Though EPA’s latest ruling allows a dramatic expansion of what can be legally dumped, water tainted by toxic sludge is nothing new to many residents of the remote hollows where MTR mining occurs.
Just ask residents of Prenter, W. Va. When they turn on their taps, the water runs black for 250 households in a 10-square-mile area, Nelson said. A YouTube video shows a penny held under a bathroom faucet tarnished in seconds by hydrogen sulfide, a neurotoxin in the community’s well water. Vegetable gardens die. And the people of Prenter are dying, too. An informal survey of residents showed exceptional rates of gallbladder disease, skin conditions, kidney and liver disease, brain tumors and thyroid cancer. Prenter is three miles from a slurry injection site, yet state and local officials say they can’t do anything because they can’t confirm that coal mining is responsible for the problems.
And Prenter is not alone. In nearby Mingo County, reports Dana Kuhnline of The Dominion, residents near another slurry site also suffer from high rates of rare diseases, where the same chemicals found in coal slurry have been found in well water at rates thousands of times the legal limit.
While polluted water is usually a problem emanating from below, there is also the risk of a slurry dam break, threatening to inundate whole communities and their natural environs with billions of gallons of thick chemical soup.
Marsh Fork Elementary sits at the base of one of those impoundments. Just 400 yards away, 2.8 billion gallons of opaque black slurry is contained behind an earthen dam directly above the school. Years of efforts by local residents to get the state of West Virginia to relocate the school have been fruitless.
Thirty minutes from Gibson’s home on Kayford Mountain, the biggest slurry impoundment in the nation, Brushy Fork, is designed to hold a staggering 9 billion gallons of sludge. The ‘lake’ surface is the size of a football field, and the dam wall, constructed of rubble left over from blasting, is permitted at more than 900 feet. The impoundment happens to be built on top of a maze of underground mine shafts, with blasting occurring nearby.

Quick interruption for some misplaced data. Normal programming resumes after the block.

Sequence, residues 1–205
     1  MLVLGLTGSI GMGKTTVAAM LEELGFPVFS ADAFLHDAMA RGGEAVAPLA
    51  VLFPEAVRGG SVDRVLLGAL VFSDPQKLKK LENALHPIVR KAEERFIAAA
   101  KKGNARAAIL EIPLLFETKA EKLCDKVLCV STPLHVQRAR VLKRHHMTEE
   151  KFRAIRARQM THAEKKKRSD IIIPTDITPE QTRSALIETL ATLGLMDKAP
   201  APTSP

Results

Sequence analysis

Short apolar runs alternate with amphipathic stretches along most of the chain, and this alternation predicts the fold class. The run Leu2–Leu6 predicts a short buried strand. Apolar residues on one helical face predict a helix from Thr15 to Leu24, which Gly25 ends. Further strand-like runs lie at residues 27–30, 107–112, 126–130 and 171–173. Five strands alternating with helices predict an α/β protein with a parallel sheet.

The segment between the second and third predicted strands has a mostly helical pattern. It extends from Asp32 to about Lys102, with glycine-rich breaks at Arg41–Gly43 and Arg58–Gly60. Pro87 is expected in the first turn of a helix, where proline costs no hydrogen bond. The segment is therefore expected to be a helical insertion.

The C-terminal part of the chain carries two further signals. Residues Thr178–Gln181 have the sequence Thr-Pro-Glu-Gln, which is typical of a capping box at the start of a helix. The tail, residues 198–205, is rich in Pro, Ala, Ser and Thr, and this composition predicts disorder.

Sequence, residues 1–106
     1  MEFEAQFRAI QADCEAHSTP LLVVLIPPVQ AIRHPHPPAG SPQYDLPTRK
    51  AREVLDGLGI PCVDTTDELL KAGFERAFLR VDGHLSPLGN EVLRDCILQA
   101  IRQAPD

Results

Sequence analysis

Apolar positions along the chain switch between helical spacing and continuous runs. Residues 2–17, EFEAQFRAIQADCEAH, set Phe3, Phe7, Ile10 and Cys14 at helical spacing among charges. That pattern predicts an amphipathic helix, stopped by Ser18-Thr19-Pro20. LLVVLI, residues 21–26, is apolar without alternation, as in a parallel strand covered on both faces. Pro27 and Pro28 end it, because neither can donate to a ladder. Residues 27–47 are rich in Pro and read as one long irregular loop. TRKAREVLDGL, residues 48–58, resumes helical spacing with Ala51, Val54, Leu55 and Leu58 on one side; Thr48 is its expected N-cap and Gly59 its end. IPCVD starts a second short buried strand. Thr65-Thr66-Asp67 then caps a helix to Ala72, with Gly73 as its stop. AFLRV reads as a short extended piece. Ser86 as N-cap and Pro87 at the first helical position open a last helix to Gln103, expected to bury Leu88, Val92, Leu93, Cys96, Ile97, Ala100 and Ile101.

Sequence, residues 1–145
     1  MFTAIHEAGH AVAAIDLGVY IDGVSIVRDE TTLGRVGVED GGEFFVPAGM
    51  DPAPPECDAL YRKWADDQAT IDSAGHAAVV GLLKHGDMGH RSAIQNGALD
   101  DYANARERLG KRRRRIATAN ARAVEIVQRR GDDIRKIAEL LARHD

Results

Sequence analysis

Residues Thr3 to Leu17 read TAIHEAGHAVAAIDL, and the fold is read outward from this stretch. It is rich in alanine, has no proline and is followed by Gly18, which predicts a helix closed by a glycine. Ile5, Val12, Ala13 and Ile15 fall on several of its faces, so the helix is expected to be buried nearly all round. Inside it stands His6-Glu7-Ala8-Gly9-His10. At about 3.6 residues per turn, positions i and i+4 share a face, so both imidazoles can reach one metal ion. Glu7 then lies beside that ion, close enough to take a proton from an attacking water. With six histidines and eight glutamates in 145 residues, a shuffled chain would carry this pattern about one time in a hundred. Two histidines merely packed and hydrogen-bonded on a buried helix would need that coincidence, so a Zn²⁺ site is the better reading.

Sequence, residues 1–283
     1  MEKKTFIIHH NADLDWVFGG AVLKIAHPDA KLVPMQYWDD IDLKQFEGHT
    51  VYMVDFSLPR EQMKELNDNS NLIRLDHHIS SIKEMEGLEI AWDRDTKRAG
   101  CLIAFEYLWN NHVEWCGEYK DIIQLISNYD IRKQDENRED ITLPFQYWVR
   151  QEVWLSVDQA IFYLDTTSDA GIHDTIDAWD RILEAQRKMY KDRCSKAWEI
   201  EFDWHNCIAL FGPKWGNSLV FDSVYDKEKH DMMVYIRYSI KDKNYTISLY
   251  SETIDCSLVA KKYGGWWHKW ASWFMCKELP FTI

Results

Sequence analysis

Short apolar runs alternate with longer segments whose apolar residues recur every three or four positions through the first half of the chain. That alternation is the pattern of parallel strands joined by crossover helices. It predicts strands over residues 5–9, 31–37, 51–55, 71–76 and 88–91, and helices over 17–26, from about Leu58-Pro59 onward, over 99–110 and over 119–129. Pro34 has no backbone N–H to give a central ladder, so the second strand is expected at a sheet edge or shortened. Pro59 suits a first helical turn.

Despite assurances by industry that such impoundments are secure, evidence exists to the contrary. A slurry dam collapsed at Buffalo Creek, W. Va., in 1972, sending 132 million gallons of liquid waste in a 20- to 30-foot torrent that killed 125 people and left 4000 homeless. More recently, 306 million gallons of toxic coal sludge was released near Inez, Kentucky, on Oct. 11, 2000, when a rupture occurred in the bottom of a holding impoundment owned by a subsidiary of Massey Energy. The sludge leaked into an underground mine, then burst out two portals into two creeks, eventually oozing 100 miles downstream to devastate the Tug Fork and Big Sandy rivers. Community water supplies were closed, aquatic life eradicated, and yards and gardens buried beneath feet of sticky, chemical-laden goo.
Coal sludge spill on Kentucky’s Big Sandy River, October 2000. Photo courtesy of West Virginia Blue.
The EPA called it the worst environmental disaster east of the Mississippi. It was the nation’s worst-ever blackwater spill, 30 times larger than the 1989 Exxon Valdez oil spill, though few Americans outside the region knew about it. That’s not surprising, given the Bush Administration’s efforts to cover it up.
Structural conditions are similar at Brushy Fork, a much larger impoundment, which has been chronically cited for permit violations by the WV Department of Environmental Protection. The United Mine Workers has issued a dire warning for miners and coalfields residents, and Marfork Coal Company’s own emergency plan
predicts that 990 people could die if the impoundment were to be breached.
A bumper sticker on a pick-up truck parked at Larry Gibson’s camp on Kayford Mountain read “Save the Endangered Hillbilly.” While “hillbilly” has negative connotations for many Americans, the culture of Appalachia’s “mountaineers,” as locals call themselves, is among the most unique in the United States. Many here have lived off the land for generations, Nelson said, harvesting nuts, gathering medicinal herbs, hunting and fishing. Some of the country’s richest musical traditions hail from deep within these mountains, home to the Carter Family. bluegrass legends like Ralph Stanley and the Clinch Mountain Boys, and contemporary country singer Kathy Mattea, whose latest album, Coal, is a tribute to miners and a call to end the destruction of mountaintop removal.
But the term “hillbilly,” synonymous in many minds with poverty and ignorance, hints at why the long-demeaned people of Appalachia have been impotent to stop mountaintop removal mining and its devastating effects on their communities and traditions.